3. Changes in load

Everyone loves a good holiday. Relaxing by the pool in Bali, or sampling the amazing foods of Europe.

However you may have noticed that once back home and into the normal routine, you initially feel worn out at activities that would usually be easy. A few weeks off from gym or netball or even your weekly walks and healthy diet makes an impact in a very short time.

On the other hand, sometimes it can be the holiday itself that causes the increase in load. I want you to imagine your usual weekly schedule. Let’s say you work 5 days a week, 8 hours a day, and you spend majority of this time sitting at a desk. You still make sure to get to the gym for one hour 4-5 days per week and you’re in pretty good shape. 

Now imagine that after doing this for almost 12 months consistently, you decide to head off on an epic ski holiday where you sub out the 8 hours of sitting and instead endeavour to ski for 8 hours per day.


And how well have our bodies and muscles prepared for this sudden launch into pro-athlete level sporting demands?? Not well at all.

So when we think about this massive change in load over such short period, it makes sense that our bodies may struggle to keep up. 

The verdict

Skiing is not bad for your knees. Weakness and lack of activity is bad for your knees. Knee pain is caused by muscle fatigue and poor tracking of the knee cap not by skiing.

It’s like saying exercise is bad for your body. It’s not. Unless we do too much. Moderation is key. The right amount of exercise keeps your muscles strong, joints lubricated and body healthy, but too much exercise (like anything), causes overload and inflammation. 

So the same principal applies to skiing. Provided you are strong enough prior and not overloading, skiing is a fantastic form of strength and fitness, that like any other exercise, is only bad when you push too far past your limits to the point of overload and injury.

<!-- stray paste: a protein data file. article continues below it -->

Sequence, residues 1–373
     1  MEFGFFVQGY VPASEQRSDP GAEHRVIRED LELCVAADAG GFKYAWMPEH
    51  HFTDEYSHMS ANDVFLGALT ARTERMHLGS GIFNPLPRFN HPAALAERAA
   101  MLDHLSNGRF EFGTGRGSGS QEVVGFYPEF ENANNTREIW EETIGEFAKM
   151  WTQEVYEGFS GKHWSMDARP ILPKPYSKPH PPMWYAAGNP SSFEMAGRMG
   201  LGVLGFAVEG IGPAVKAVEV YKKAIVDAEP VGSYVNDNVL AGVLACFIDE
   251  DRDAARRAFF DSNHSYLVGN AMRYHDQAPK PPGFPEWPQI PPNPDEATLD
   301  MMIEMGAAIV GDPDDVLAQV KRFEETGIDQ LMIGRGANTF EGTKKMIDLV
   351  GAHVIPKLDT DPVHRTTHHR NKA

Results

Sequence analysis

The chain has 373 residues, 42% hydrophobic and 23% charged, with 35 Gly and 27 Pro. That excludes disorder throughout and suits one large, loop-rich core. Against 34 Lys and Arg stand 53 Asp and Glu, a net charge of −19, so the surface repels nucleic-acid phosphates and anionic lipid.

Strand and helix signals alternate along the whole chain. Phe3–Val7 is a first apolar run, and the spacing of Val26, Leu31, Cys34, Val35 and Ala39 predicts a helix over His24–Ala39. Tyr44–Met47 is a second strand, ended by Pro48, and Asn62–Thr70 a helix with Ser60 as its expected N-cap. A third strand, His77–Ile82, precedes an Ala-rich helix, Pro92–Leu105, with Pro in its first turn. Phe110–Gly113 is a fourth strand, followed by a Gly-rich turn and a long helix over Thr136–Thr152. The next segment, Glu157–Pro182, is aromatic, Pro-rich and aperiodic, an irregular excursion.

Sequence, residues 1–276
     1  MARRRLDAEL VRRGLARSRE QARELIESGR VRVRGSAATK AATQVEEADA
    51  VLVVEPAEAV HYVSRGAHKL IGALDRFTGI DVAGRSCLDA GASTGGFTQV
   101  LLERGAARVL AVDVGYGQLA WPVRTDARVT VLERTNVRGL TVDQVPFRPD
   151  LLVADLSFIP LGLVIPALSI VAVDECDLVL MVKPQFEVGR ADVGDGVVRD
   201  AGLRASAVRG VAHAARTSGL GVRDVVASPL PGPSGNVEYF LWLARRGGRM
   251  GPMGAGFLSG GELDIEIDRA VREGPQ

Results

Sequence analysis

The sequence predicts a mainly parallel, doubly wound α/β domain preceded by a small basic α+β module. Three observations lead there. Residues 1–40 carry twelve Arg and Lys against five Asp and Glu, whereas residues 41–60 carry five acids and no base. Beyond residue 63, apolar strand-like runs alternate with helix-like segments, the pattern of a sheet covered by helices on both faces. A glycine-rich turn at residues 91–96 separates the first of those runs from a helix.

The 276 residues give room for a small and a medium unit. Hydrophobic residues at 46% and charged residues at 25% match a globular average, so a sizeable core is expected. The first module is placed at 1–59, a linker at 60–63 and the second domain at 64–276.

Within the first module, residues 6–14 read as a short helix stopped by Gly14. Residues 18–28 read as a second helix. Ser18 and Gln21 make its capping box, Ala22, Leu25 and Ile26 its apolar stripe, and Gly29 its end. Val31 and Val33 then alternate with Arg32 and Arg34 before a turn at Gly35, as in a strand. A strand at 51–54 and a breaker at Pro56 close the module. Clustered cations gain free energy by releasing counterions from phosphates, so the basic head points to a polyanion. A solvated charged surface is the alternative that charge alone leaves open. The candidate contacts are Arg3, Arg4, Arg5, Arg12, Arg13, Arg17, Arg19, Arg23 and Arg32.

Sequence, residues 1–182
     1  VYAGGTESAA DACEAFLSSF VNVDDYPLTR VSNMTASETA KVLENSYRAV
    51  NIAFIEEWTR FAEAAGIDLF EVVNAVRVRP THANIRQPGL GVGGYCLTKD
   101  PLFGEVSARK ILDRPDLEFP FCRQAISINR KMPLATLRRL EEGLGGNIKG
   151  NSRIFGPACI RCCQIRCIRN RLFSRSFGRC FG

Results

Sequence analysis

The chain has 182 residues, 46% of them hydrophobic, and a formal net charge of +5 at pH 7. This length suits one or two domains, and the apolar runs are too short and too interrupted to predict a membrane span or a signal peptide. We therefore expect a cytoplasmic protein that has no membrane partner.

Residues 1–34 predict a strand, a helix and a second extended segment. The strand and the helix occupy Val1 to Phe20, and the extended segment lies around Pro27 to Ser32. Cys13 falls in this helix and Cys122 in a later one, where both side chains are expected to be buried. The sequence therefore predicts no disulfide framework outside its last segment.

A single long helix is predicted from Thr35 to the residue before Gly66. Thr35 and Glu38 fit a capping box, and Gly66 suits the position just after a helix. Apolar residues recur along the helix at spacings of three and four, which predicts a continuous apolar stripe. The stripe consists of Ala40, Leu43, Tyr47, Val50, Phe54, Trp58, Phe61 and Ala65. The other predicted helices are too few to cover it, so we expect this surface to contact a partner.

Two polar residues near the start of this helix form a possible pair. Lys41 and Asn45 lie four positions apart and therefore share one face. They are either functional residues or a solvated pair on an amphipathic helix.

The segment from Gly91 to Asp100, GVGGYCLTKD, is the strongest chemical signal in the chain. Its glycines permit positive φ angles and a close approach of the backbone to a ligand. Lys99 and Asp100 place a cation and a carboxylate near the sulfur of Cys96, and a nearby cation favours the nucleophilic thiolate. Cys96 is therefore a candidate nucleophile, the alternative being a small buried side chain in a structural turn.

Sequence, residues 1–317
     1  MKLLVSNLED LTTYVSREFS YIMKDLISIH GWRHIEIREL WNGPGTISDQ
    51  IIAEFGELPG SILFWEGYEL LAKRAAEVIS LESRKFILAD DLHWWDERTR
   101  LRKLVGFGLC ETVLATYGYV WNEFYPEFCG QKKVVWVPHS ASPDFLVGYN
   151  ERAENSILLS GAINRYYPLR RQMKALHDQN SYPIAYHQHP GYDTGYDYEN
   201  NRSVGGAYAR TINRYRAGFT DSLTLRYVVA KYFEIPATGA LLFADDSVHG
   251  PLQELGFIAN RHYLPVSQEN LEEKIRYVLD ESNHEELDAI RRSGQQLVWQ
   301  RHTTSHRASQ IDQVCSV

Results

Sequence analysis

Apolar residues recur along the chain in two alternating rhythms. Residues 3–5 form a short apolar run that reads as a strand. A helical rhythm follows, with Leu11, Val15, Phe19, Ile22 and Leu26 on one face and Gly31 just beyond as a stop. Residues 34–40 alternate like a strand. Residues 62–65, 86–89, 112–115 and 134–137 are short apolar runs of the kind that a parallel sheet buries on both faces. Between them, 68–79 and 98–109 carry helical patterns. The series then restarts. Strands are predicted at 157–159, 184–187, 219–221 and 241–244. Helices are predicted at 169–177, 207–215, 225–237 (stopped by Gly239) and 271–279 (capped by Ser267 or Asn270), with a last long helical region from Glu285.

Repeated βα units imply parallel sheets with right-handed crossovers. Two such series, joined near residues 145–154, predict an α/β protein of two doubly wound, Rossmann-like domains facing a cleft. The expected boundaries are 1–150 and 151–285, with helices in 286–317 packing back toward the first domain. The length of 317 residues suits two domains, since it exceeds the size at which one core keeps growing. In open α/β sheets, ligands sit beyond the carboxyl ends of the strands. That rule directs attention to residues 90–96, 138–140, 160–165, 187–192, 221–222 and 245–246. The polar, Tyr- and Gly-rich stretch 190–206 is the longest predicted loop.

This is Kristina. She’s cool, like us. She’s one of our senior physio’s with more experience in the snow than many of us have on land. You can book in with her here for a session face to face. Or here for a virtual appointment.

Alex Drew

Raised as a sandgroper over in W.A, Alex was handed a Bachelor of Physiotherapy and asked to leave the university lecturers in peace for good.  As a matter of filling his time, he also graduated from the Royal Military College as an Infantry Officer in 2008 after finally pointing his rifle in the right direction and making his bed to an elite level.

Moving to Melbourne in 2010 in an episode similar to that movie Coyote ugly, Alex has since worked in a few sports physio clinics across Melbourne, coached CrossFit, done power-lifting training courses, walked a 45km mt buller trail run and worked at North Melbourne football club.

Alex founded Evolutio in 2013 to provide a hub for the next generation of great physio minds to work together on high level athletes. 

He writes on business, leadership and mens health.